of some of the UK’S leading banks, including Natwest, HSBC and RBS, have been using phone and tablet apps that hackers could have infiltrated to steal log-in details.
Researchers at Birmingham University’s School of Computer Science ran a tool to test the security of 400 Android and IOS apps, including many from banks that customers use to check their account and transfer money.
They found that several banking apps contained a critical flaw that would let an attacker connected to the same network perform a man-in-the-middle (MITM) attack, intercepting what’s being sent from the user to the bank. Around 10 million users are thought to have been at risk.
The flaw was identified in the use of certificate pinning, a technique that gives apps and websites a guarantee they are using a safe connection. Hackers can use fake certificates to impersonate genuine sites and apps.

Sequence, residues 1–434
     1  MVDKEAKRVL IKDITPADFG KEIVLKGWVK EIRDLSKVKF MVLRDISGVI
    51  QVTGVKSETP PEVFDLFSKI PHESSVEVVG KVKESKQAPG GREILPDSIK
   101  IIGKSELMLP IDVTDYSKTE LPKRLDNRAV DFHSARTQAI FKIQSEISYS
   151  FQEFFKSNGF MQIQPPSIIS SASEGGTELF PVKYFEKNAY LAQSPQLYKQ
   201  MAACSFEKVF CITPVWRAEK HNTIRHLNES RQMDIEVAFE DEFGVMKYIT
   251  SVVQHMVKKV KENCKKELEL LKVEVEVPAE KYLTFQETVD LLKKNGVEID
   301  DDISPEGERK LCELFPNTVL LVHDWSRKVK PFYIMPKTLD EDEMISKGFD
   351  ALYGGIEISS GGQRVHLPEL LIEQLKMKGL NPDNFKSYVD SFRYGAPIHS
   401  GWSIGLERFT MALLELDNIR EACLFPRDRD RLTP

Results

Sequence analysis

The researchers told the banks affected, and worked with the Government’s National Cyber Security Centre to fix the vulnerabilities. In total, the apps of nine banks contained flaws (see box below). They have all been updated to eradicate the flaw except the Bank of America Health app, which hasn’t been available since June 2017.
A spokesperson for HSBC thanked the University of Birmingham “for the opportunity to work together”, adding “we have already taken steps to address this”.
Dr Tom Chothia, who led the research, said it was impossible to know whether hackers exploited the flaw. He added: “In general the security of the apps we examined was very good, the vulnerabilities we found were hard to detect, and we could only find so many weaknesses due to the new tool we developed”.